VICTORIA, Australia — The 2015 Australian International Airshow at the Avalon Airport closed without an announcement of major defense contracts, but the four-day airshow saw plenty of other action.

There was no word on the much-anticipated announcement of the new pilot training system for the Australian Defence Force (ADF), to be acquired under Project Air 5428. But Australia's acting Prime Minister Warren Truss and Defence Minister Kevin Andrews jointly announced on Feb.ruary 27 that Thales had been chosen to commence work with Airservices Australia and the Australian Department of Defence to develop the OneSKY program, which will integrate civil and military air traffic control into a single and harmonized air traffic management (ATM) system.

The OneSky ATM system will be introduced in a phases between 2018 and 2021 and is designed to streamline the processes between military and civilian air traffic controllers.

For full coverage of the 2015 Australian International Air Show, visit the Defense News Avalon Show Daily.

"This program will make Australia the first country in the world to commission an integrated joint civil military air traffic management system," Andrews said. "This will deliver safety and efficiency benefits, through shared access to common flight data. Controllers will also be able to better manage the various mix of air traffic and create a seamless flow of national and international air traffic."

On the eve of the show, at the Chief of Air Force Symposium, saw Air Marshall Geoff Brown launched Plan Jericho, a strategy to transform the Royal Australian Air Force for the future

"In the next 10 years, the Royal Australian Air Force will have one of the most advanced aircraft fleets in the world," Brown said. "This will make our Air Force operations fundamentally different and we cannot be complacent, by thinking that simply having the next generation of aircraft technology, will create an advanced Air Force."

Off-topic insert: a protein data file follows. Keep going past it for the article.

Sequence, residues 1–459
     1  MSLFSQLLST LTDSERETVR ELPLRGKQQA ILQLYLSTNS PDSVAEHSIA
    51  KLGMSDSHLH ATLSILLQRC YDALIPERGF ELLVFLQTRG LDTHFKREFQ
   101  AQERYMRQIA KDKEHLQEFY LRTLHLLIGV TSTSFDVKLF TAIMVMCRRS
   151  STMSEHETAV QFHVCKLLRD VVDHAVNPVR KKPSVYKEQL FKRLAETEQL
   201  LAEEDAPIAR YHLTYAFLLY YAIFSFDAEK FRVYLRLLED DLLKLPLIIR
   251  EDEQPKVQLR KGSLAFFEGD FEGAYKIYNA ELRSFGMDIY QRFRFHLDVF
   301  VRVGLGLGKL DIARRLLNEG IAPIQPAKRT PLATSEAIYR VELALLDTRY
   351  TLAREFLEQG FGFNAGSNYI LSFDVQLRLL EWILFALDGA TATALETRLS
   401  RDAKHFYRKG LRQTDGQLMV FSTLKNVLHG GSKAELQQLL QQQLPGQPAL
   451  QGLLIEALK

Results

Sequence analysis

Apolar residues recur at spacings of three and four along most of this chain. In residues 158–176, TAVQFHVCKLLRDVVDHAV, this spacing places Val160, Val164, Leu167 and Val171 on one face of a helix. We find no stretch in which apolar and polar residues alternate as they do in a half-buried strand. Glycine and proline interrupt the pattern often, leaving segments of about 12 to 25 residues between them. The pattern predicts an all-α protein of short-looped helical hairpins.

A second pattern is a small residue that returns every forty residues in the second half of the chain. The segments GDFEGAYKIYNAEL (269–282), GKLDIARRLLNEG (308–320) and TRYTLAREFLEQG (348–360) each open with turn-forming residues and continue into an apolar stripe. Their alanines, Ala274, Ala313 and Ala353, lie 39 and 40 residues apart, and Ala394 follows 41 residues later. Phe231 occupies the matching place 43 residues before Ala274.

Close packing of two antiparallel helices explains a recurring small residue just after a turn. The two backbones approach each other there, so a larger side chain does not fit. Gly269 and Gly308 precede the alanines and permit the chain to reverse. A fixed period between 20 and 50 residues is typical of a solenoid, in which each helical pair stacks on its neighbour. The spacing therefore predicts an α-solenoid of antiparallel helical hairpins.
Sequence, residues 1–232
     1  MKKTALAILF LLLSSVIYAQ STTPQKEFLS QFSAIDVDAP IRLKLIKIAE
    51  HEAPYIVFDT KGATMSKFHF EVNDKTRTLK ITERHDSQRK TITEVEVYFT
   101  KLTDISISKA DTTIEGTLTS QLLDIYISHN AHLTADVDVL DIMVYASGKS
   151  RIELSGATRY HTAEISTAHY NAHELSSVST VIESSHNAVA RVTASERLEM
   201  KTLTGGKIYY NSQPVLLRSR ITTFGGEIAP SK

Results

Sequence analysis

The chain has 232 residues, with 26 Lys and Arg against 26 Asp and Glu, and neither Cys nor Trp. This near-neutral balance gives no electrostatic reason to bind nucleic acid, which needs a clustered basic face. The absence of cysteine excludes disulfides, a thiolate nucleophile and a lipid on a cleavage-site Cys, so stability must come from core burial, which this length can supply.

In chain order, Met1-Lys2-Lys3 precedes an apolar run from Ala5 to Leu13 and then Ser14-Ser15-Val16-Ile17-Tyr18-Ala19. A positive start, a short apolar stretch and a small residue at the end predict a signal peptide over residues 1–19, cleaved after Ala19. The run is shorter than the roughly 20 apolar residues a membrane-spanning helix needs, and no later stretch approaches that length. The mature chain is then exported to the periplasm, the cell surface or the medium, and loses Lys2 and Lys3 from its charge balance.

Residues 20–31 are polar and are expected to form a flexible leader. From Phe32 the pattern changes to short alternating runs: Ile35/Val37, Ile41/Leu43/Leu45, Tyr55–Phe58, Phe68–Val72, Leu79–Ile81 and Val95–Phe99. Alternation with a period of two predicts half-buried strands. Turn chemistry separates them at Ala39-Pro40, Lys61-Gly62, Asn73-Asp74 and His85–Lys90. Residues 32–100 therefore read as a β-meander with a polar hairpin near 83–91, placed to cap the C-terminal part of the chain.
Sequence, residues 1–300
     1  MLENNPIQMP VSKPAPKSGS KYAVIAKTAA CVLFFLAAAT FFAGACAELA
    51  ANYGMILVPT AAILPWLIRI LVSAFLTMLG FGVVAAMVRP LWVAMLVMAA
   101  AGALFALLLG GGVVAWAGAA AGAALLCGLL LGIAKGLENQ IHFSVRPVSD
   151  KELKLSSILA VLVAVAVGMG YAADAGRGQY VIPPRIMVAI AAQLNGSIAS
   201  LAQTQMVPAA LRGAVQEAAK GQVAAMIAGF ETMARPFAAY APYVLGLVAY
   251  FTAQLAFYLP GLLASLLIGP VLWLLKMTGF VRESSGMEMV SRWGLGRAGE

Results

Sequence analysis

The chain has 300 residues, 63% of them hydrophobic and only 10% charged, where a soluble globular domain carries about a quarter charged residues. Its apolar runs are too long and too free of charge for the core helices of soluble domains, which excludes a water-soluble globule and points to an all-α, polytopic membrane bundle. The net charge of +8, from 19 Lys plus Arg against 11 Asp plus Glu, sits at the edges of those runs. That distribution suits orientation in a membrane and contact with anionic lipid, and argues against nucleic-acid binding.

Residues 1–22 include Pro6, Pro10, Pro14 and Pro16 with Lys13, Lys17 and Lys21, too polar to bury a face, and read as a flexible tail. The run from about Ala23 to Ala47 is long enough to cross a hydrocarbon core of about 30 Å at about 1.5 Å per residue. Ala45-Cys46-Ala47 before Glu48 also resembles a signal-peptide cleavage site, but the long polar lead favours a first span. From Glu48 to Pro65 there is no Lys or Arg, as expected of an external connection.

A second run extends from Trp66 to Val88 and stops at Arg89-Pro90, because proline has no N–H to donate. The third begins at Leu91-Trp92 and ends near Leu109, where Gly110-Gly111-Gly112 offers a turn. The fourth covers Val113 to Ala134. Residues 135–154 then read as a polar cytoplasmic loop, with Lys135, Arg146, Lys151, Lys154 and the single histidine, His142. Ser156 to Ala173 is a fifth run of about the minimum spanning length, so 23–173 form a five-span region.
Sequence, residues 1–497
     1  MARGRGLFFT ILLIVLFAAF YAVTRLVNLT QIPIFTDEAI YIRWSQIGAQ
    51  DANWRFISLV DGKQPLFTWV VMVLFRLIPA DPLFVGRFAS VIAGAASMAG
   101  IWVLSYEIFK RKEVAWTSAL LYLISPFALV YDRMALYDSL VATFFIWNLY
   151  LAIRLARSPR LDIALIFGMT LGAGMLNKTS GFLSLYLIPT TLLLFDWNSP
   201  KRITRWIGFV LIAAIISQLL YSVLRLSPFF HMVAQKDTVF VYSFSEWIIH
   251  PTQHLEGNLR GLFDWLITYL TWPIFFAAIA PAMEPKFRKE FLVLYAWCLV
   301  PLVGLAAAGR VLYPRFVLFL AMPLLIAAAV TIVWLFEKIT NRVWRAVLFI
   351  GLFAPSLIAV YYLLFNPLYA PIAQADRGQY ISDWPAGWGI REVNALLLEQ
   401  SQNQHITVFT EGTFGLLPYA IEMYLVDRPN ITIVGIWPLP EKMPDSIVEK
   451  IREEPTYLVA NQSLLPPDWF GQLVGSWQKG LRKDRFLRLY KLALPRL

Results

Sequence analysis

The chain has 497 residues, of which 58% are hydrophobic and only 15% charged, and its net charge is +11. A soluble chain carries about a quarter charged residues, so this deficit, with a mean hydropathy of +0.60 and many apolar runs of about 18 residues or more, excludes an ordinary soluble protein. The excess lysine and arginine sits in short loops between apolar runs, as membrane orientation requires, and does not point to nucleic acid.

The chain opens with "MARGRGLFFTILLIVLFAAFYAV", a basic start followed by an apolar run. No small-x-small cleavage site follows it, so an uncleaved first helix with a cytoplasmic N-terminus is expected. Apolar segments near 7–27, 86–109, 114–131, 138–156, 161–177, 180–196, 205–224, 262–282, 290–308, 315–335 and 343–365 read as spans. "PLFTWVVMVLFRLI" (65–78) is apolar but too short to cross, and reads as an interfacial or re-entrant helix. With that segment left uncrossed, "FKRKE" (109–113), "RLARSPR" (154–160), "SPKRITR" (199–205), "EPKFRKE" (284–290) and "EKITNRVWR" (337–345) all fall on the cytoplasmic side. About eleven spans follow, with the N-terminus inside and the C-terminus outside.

He noted that within a few years, the F-35A Lightning II, P-8A Poseidon and EA-18G Growler would join the E-7A Wedgetail already in service.

"These aircraft will bring more data and situation awareness than ever before," Brown said. "We need to be able to share this information across aircraft platforms through networking, and enable good decisions without being overwhelmed by the high volumes of data.

He stressed the need to integrate the aircraft with the rest of the defense establishment.

"We need to transform ourselves into a truly integrated, networked force that can realize the potential of this technology, and maintain our position as masters of the air domain," he said.

Other bits of news released at Avalon 2015 included:

  • As the RAAF begins its transition under Plan Jericho, the Airbus KC-30A multi-role tanker transport (MRTT) will undergo certification of its fly-by-wire aerial refueling boom system (ARBS) during 2015.
  • A decision is expected on the purchase of the Northrop Grumman MQ-4C Triton during 2016.
  • Long lead items for the first Boeing P-8A Poseidon are under production and the first aircraft will be delivered in 2017.
  • The first Lockheed Martin F-35A joint strike fighter will arrive at the end of 2018.

The show also marked the public debut of the Royal Australian Navy's Lockheed Martin/Sikorsky MH-60R Seahawk, now being delivered to replace aging S-70B-2 helicopters. It also featured a Northrop Grumman RQ-4B Global Hawk, which flew directly into Avalon from Guam. This marked the first time that a Global Hawk had landed at an Australian civil airport and the first time the UAV had visited an international air show.

Email: npittaway@defensenews.com

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